Professor Dave Robino
BA 475/575: Organizational Behavior
Chapter 1 Notes
The Importance of Interpersonal Skills
Until the 1980’s Business schools curricula that focused on management only focused on three things:
Human behavior and work skills received less attention
Developing managers’ interpersonal skills also helps organization attract and keep high performing employees.
Social relationships among co-workers and supervisors were strongly related to overall job satisfaction.
Positive social relationships also were associated with lower stress at work and lower intentions to quit.
The Managers Functions, Roles and Skills
Managers can’t succeed on their technical skills alone.
They also have to have good people skills.
Managers get things done through other people.
They make decisions, allocate resources and direct the activities of others to attain goals.
Managers do work through an organization—a consciously coordinated social unit, composed of two or more people, that function on a relatively continuous basis to achieve a common goal or sets of goals.
Technically manufacturing firms, service firms, schools, hospitals, churches, military units, retail stores, police departments and local, state and federal government agencies.
French Industrialist, Henri Fayol stated that all managers perform five management functions: planning, organizing, commanding, coordinating and controlling.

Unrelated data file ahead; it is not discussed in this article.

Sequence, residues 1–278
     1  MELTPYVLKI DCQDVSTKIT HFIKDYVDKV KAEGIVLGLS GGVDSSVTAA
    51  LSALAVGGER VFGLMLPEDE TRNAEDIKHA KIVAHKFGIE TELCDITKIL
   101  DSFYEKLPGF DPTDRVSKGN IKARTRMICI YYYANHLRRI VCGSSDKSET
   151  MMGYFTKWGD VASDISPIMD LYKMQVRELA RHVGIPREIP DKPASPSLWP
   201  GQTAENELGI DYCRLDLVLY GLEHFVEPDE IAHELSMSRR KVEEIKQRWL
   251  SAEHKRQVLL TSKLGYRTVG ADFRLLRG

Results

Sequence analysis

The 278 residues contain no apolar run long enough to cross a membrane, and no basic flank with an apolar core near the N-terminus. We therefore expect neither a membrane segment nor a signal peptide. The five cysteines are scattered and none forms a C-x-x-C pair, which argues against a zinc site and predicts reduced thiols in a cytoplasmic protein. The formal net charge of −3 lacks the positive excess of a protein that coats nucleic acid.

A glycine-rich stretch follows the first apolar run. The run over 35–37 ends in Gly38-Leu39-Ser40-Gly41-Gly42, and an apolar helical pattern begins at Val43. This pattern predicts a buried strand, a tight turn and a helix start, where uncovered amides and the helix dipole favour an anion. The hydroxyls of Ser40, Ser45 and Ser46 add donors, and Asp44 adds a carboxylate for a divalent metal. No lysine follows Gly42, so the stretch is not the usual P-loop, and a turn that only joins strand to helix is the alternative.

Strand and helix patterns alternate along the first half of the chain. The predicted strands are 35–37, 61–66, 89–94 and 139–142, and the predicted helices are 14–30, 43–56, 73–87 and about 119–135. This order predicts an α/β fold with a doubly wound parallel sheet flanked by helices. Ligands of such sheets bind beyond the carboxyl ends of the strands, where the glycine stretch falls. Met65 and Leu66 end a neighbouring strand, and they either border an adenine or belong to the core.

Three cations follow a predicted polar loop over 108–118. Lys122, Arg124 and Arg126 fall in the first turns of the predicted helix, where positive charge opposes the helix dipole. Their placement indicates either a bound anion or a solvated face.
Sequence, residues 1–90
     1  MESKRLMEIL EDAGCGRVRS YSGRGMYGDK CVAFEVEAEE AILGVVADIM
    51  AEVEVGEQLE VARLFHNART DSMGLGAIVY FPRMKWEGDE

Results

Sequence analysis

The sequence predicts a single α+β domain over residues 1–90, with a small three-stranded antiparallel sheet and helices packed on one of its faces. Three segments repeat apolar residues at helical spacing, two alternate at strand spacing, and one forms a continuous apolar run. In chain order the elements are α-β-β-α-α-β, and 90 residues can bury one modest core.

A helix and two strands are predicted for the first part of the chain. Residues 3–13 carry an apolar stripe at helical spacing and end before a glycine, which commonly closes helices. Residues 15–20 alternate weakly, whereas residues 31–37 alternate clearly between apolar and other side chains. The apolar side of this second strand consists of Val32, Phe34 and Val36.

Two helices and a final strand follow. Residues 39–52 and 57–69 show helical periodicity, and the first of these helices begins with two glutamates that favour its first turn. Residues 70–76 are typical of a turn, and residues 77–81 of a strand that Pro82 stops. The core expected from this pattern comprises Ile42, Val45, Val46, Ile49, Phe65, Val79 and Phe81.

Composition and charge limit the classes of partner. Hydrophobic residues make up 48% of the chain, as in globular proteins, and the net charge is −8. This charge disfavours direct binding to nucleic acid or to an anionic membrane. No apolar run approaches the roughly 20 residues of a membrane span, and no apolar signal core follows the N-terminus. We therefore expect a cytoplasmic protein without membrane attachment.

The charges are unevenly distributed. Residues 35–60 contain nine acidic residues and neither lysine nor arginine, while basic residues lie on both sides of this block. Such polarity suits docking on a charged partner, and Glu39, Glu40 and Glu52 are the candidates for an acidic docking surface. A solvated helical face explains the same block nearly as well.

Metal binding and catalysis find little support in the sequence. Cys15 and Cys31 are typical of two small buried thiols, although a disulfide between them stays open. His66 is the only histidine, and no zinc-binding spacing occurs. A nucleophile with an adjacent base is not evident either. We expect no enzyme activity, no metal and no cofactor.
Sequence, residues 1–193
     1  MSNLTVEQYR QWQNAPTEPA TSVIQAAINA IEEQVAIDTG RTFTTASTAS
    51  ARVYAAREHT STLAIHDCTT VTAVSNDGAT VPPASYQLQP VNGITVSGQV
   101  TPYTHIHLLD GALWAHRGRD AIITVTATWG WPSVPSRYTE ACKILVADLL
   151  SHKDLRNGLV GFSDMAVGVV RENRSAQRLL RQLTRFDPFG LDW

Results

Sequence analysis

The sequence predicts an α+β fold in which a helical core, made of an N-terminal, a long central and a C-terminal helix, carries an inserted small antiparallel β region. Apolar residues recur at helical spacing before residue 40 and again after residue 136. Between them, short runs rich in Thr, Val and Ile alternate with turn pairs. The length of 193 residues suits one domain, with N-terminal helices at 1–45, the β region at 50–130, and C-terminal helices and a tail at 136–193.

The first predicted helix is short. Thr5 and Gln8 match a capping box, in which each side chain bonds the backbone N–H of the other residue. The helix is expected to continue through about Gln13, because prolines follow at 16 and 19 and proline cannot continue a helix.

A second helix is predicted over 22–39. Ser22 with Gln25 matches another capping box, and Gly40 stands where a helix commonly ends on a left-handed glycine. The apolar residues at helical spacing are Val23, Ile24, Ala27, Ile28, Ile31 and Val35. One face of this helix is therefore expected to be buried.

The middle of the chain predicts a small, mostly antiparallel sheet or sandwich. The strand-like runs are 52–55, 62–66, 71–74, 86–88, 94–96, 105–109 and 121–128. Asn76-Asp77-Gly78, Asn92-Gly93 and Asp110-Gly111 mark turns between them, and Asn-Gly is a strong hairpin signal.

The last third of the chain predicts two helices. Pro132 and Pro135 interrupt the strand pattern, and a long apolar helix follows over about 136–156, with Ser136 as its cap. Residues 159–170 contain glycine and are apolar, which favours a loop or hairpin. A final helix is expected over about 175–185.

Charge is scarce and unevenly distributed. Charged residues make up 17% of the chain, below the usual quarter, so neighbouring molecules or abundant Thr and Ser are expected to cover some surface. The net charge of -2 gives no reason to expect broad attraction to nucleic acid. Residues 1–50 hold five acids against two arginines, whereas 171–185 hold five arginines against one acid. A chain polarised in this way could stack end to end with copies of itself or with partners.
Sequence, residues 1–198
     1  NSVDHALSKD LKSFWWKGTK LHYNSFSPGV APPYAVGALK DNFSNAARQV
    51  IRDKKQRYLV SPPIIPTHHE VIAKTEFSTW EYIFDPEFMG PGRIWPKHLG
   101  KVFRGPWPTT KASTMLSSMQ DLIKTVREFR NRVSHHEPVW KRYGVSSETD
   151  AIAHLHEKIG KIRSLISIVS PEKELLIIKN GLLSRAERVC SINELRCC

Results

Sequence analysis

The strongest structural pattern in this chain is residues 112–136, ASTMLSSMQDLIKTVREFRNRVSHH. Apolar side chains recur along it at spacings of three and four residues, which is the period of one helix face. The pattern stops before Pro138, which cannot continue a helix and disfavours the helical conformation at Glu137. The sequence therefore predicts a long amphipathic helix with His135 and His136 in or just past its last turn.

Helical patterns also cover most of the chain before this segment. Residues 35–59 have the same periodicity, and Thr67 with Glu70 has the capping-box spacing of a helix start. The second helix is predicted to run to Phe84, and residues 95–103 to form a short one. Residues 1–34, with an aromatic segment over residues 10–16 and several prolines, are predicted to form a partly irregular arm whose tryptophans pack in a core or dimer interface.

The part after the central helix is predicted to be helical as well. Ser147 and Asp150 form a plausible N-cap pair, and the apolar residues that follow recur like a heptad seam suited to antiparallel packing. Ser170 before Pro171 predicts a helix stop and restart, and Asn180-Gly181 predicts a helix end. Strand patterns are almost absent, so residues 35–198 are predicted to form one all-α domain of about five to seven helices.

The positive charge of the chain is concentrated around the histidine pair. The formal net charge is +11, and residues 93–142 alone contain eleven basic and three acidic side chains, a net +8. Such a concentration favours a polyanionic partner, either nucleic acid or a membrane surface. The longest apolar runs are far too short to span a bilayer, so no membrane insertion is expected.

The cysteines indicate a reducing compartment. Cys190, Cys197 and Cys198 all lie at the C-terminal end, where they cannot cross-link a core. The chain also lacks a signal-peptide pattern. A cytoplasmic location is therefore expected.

We’ve condensed it to four: planning, organizing, leading, and controlling.
A manager must also plan. Planning is defining an organizations goals and establishing an overall strategy for achieving those goals.
As managers move from lower-level to mid-level management, managers tend to increase their planning.
Managers are also responsible for designing an organizations structure—organizing.
This includes determining what tasks are to be done, who is to do them, how the tasks are to be grouped, who reports to whom and where decisions are to be made.
Every organization contains people and its management job is to direct and coordinate those people, this is called leading.
Leading consists of motivating employees, directing their activities, selecting the most effective communication channels and resolving conflict among members.
Managers must also monitor, compare, and potentially correct employees. This is the controlling function.
To sum what a manager does is they plan, organize, lead and control.
Henry Mintzberg in the late 1960’s studied five executives to determine what they did on their jobs.
Interpersonal: All managers are required to perform duties that are ceremonial and symbolic in nature.
Figurehead: Symbolic head, required to perform a number of routine duties of a legal or social nature
Leader: Responsible for the motivation and direction of employees
Liaison: Maintains a network of outside contacts who provide favors and information.
Informational: All managers to some degree, collect information from outside organizations and institutions, typically by scanning the new media and talking with other people to learn changes.
Monitor: Receives a wide variety of information, serves as a nerve center of internal and external information of the organization
Disseminator: Transmits information received from outsiders or from other employees to members of the organization
Spokesperson: Transmits information to outsiders an organization plans, policies, actions, and results; serves as an expert on organizations industry.
Decisional: Four roles that require making choices.
Entrepreneur: Searches organization and its environment for opportunities and initiates projects to bring about change.
Disturbance handler: Responsible for corrective action when organization faces important, unexpected disturbances.
Resource Allocator: Makes or approves significant organizational decisions.
Negotiator: Responsible for representing the